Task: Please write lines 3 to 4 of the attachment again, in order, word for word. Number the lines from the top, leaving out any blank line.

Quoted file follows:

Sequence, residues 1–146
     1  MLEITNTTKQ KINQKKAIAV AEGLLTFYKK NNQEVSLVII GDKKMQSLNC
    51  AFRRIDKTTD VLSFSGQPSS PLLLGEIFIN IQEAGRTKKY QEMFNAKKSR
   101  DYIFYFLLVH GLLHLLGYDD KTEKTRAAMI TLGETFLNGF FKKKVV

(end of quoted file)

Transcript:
    51  AFRRIDKTTD VLSFSGQPSS PLLLGEIFIN IQEAGRTKKY QEMFNAKKSR
   101  DYIFYFLLVH GLLHLLGYDD KTEKTRAAMI TLGETFLNGF FKKKVV